- Jalal, Ayesha (2002), Self and Sovereignty: Individual and Community in South Asian Islam Since 1850, Routledge, p. 513, ISBN 978-1-134-59937-0
- Rittenberg, Stephen Alan (1988), Ethnicity, nationalism, and the Pakhtuns: the independence movement in India's North-West Frontier Province, Carolina Academic Press, p. 221, 227–228, ISBN 978-0-89089-277-0
- Rajmohan Gandhi, Ghaffar Khan (2008), pp. 170–171.
- Jha, The Origins of a Dispute (2003), p. 15.
- Copland, The Abdullah Factor (1991), pp. 243–244.
- Suharwardy, Tragedy in Kashmir (1983), pp. 100–102.
- Palit, Jammu and Kashmir Arms (1972), p. 151.
- Birdwood, Two Nations and Kashmir (1956), p. 212.
- Copland, The Abdullah Factor (1991); Zutshi, Languages of Belonging (2004), p. 302; Whitehead, A Mission in Kashmir (2007), pp. 23, 28
- Puri, Balraj (November 2010), "The Question of Accession", Epilogue, 4 (11): 4–5
- Snedden, Kashmir: The Unwritten History (2013), pp. 41–42.
- Khān, Abdulqayyūm (1992), The Kashmir case, S.A.A. Khan, p. 1–2
- Beg, Aziz (1986), Jinnah and His Times: A Biography, Babur & Amer Publications: "The first official mention of this occurs in a Press note of the Kashmir Government which states that 'early in August in Bagh Tehsil and northern part of Sudh Nutti Tehsil of Poonch Jagir, evilly disposed persons launched a violent agitation against the administration of the jagir and in favour of civil disobedience and no-tax campaign...'"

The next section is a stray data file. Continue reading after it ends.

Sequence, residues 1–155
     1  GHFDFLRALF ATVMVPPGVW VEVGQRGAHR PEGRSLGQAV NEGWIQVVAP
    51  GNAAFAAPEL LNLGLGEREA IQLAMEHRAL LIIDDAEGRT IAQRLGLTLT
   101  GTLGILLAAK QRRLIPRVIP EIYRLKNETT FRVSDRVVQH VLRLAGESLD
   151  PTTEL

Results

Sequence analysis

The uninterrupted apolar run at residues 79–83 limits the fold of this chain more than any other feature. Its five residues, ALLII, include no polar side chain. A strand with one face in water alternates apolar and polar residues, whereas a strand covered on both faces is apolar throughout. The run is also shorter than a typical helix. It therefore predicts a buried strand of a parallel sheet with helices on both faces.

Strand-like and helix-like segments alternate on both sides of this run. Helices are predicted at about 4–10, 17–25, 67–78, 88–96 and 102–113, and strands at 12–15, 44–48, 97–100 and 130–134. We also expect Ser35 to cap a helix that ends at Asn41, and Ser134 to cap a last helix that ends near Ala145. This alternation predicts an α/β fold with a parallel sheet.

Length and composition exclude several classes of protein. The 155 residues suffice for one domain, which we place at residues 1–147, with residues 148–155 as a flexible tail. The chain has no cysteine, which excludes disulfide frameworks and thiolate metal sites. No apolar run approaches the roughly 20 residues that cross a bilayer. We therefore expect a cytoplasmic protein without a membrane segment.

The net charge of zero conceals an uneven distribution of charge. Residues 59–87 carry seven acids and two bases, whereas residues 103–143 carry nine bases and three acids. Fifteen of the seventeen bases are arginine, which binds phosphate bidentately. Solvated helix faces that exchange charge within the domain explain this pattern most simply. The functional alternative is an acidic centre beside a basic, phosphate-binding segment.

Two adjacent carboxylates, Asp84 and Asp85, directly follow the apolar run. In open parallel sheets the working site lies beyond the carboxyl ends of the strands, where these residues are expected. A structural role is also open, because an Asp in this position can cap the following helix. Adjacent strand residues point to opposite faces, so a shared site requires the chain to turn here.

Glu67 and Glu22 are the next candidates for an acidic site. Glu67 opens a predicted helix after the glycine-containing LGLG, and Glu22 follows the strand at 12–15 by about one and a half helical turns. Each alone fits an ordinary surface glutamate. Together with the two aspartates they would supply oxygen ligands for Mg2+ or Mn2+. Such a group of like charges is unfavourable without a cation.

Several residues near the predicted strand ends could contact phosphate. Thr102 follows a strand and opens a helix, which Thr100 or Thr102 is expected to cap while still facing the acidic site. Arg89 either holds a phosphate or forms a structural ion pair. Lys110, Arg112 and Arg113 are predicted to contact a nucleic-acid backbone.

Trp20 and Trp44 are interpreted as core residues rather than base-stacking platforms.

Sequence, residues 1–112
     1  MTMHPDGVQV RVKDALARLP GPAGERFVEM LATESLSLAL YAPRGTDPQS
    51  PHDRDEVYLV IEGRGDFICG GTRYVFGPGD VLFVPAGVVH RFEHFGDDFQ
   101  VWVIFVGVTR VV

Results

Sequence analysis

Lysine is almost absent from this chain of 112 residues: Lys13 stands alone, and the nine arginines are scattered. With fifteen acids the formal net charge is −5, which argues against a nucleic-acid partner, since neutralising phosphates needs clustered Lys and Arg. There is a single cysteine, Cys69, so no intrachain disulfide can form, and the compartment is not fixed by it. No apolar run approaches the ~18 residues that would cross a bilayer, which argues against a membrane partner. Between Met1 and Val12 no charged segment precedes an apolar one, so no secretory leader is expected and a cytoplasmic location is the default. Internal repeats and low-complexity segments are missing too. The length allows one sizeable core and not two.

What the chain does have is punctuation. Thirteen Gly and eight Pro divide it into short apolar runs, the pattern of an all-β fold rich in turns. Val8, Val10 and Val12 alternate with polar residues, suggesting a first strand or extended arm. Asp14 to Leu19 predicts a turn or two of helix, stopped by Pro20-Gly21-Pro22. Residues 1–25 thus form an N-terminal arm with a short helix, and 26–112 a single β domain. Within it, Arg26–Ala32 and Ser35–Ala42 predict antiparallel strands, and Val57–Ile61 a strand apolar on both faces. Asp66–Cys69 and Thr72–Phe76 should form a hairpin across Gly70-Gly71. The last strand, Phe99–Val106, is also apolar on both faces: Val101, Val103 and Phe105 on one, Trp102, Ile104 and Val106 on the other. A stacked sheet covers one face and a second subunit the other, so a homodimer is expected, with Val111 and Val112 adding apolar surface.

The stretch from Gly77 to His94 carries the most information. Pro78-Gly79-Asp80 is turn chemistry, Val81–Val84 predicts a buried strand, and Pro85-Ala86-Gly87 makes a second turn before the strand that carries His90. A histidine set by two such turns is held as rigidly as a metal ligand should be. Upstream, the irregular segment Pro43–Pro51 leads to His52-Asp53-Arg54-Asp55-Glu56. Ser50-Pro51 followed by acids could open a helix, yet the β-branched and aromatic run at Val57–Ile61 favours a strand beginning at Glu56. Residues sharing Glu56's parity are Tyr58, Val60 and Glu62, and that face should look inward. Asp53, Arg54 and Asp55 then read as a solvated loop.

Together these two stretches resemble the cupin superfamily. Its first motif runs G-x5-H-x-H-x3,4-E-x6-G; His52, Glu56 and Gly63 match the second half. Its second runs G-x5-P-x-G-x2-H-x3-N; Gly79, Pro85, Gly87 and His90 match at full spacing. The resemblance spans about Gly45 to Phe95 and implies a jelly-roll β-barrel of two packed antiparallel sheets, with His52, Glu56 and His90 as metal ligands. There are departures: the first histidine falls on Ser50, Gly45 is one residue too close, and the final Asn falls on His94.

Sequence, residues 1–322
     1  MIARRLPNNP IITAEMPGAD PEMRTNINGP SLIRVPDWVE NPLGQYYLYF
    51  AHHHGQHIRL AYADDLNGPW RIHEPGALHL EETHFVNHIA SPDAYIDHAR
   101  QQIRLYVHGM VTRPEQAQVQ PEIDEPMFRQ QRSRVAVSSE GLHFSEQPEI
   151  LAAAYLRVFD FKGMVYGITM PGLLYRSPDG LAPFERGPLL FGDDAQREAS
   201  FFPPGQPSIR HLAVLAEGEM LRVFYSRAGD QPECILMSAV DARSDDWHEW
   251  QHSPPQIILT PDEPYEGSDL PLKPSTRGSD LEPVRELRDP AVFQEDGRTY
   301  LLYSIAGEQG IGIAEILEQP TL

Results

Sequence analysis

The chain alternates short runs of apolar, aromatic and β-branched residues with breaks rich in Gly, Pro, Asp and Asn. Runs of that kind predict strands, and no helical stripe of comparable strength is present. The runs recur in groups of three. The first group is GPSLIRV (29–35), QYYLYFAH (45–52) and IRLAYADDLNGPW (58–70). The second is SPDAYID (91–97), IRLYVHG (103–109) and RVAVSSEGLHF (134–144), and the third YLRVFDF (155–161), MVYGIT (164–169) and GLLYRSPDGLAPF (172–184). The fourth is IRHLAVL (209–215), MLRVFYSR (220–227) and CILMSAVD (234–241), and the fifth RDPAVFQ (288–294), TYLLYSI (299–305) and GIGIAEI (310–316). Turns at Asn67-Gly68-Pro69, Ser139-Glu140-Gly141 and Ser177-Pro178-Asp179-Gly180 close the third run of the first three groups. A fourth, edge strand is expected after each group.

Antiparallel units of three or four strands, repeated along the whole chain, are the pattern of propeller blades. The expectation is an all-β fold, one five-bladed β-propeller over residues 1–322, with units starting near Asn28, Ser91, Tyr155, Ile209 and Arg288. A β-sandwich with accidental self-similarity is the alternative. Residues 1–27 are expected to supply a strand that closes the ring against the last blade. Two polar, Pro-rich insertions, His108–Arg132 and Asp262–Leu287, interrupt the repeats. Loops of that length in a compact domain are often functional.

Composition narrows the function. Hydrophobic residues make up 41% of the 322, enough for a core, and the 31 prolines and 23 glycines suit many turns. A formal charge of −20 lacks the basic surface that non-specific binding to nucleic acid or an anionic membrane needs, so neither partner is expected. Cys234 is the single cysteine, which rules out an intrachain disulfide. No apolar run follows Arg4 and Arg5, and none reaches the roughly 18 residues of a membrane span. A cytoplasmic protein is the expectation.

- Suharwardy, Tragedy in Kashmir (1983), p. 102, 103.
- Ibrahim Khan, The Kashmir Saga (1990), p. 57.
- Suharwardy, Tragedy in Kashmir (1983, p. 102); Ibrahim Khan, The Kashmir Saga (1990, pp. 57–58)
- Saraf, Kashmiris Fight for Freedom, Volume 2 (2015), p. 83.
- Suharwardy, Tragedy in Kashmir (1983, p. 103); Schofield, Kashmir in Conflict (2003, p. 41)
- Parashar, Parmanand (2004), Kashmir and the Freedom Movement, Sarup & Sons, pp. 178–179, ISBN 978-81-7625-514-1
- Jha, Rival Versions of History (1996), pp. 23-24.
- Snedden, Kashmir: The Unwritten History (2013), p. 41.
- Ibrahim Khan, The Kashmir Saga (1990), p. 58.
- Jha, Rival Versions of History (1996), Chapters 1–2.
- Ankit, The Problem of Poonch (2010), p. 9.
- Ankit, Henry Scott (2010), p. 47.
- Snedden, Kashmir: The Unwritten History (2013), p. 42.
- Nawaz, The First Kashmir War Revisited (2008), p. 119.
- Government of India, White Paper on Jammu & Kashmir (1948), p. 2.
- Raghavan, War and Peace in Modern India (2010), p. 105.
- Puri, Balraj (November 2010), "The Question of Accession", Epilogue, 4 (11): 4–6,
Eventually they agreed on a modified resolution which 'respectfully and fervently appealed to the Maharaja Bahadur to declare internal autonomy of the State... and accede to the Dominion of Pakistan... However, the General Council did not challenge the maharaja's right to take a decision on accession, and it acknowledged that his rights should be protected even after acceding to Pakistan.
- Dani, History of Northern Areas of Pakistan (2001), pp. 338, 366: "Hasan Khan and Major Mohammad Afzal Khan agreed that the Dogra regime should be toppled in Kashmir. Later they contacted Captain Mohammad Mansha Khan, Major Mohammad Sher Kiyani, Major Sayyid Ghazanfar Ali Shah and Major Mohammad Din in Srinagar. They all agreed to support the proposal. Later Major Mohammad Aslam Khan was also contacted and was entrusted to work in Jammu... Then a military council was set up and the members vowed to act simultaneously by attacking and occupying military cantonments on 14th August 1947."
- Dani, History of Northern Areas of Pakistan (2001), p. 366.
- Korbel, Josef (1966) [first published 1954], Danger in Kashmir (second ed.), Princeton University Press, p. 67
- Jha, Rival Versions of History (1996), p. 23.